Lectures on History, and General Policy: To which is Prefixed, an Essay on a Course of Liberal Education for Civil and Active Life : and an Additional Lecture on the Constitution of the United States : the Whole Corrected, Improved and Enlarged: with a Chart of History and a Chart of Biography, Volume 1
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acquainted advantage æra ancient antiquity Argonautic attention Cæsar characters Chart of History chiefly Christ chro chronology Cicero circumstances coins common computation connexion conquest consider Cornelius Nepos course customs Diodorus Siculus Ditto eclipse Edward emperors England English equal expedition expence fame favour fays fense France give greatest Grecian Greece Greeks Henry Henry VII Heraclidæ Herodotus Hesiod historians history of Greece honour idea interval Julian period Julius Cæsar king knowledge language Latin laws learned LECTURE lived Livy manner means medals Medes mentioned method mind modern nations nature observed particular period person Plutarch pound present princes principal proper proportion purpose reckoned records reign relating respect Roman history Rome Saxon shillings silver study of history sufficient Tacitus things thousand three hundred Thucydides tion tory transactions whole William the Conqueror writers written wrote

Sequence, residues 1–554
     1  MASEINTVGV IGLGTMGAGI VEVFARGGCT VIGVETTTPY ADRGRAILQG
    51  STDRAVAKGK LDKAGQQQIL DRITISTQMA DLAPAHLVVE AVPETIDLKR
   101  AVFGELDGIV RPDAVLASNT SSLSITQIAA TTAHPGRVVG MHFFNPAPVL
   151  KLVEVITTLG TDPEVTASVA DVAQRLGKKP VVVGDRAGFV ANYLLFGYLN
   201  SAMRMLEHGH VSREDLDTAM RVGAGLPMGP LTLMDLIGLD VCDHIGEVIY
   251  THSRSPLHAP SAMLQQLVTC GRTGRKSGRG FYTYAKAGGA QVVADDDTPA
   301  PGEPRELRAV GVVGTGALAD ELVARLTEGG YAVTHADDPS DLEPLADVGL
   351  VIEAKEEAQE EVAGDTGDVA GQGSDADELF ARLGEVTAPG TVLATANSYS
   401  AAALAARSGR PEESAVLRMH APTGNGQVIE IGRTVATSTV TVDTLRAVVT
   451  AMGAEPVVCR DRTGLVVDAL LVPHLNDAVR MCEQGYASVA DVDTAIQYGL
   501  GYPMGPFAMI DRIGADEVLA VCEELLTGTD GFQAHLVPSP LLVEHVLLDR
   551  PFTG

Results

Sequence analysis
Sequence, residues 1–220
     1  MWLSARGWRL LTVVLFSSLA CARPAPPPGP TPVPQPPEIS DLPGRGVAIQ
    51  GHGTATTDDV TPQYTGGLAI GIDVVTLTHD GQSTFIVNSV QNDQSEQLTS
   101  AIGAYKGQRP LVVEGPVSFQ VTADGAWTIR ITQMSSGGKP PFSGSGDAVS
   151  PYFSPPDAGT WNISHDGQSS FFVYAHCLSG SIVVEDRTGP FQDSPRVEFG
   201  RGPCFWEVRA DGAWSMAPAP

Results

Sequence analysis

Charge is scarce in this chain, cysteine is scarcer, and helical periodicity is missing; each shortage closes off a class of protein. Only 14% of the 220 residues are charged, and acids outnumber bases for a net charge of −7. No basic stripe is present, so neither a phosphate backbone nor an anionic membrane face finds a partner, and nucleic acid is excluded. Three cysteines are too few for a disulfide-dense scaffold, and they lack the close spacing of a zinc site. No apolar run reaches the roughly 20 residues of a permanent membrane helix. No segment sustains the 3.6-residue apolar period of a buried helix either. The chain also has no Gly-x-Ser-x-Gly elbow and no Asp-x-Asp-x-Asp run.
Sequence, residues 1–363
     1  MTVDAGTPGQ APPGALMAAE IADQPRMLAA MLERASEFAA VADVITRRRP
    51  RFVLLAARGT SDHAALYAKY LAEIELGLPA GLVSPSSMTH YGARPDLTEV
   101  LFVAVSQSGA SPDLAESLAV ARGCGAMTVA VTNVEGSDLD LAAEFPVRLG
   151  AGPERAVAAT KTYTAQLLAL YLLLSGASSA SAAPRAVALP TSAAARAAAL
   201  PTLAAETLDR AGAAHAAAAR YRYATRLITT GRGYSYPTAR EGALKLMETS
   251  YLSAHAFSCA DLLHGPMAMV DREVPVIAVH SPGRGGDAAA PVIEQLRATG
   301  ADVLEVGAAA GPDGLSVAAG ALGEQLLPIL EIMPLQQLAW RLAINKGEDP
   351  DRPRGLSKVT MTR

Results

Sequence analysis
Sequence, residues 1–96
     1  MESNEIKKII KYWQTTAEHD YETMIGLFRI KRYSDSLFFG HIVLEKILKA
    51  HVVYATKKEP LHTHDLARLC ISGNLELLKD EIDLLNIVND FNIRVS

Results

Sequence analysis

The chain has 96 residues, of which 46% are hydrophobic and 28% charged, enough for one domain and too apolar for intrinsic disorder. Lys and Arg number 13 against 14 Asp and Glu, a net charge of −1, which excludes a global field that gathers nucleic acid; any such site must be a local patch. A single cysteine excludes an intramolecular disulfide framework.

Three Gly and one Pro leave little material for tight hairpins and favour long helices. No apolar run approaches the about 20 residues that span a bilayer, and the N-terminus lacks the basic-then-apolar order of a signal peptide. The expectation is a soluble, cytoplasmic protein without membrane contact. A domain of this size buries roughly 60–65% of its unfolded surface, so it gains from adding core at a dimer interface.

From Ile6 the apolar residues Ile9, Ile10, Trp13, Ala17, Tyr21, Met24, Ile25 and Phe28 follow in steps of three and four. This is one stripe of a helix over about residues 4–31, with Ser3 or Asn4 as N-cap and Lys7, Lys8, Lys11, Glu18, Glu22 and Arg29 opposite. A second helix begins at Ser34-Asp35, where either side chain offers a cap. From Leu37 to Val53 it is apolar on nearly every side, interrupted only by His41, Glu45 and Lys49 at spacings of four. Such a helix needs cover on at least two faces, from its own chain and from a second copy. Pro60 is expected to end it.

Page 76 - A sensible writer on the uses of history, remarks, that "History tends to strengthen the sentiments of virtue, by the variety of views in which it exhibits the conduct of Divine Providence, and points out the hand of God in the affairs of men.
Page 47 - ... his judgment; he may acquire the faculty and the habit of discerning quicker, and looking farther; and of exerting that flexibility and steadiness which are necessary to be joined in the conduct of all affairs that depend on the concurrence or opposition of other men.
Page 233 - First introduced no new weight into his mints, but that the same weight, used there for some ages after, and called the pound of the Tower of London, was the old pound of the Saxon moneyers before the Conquest. This pound was lighter than the Troy pound by three quarters of an ounce Troy, and did not very...
Page 238 - ... be reckoned thirty times cheaper than it is now. In the reign of William the Conqueror commodities were ten times cheaper than they are at prefent j from which we cannot help forming a very high idea of the wealth and power of that king.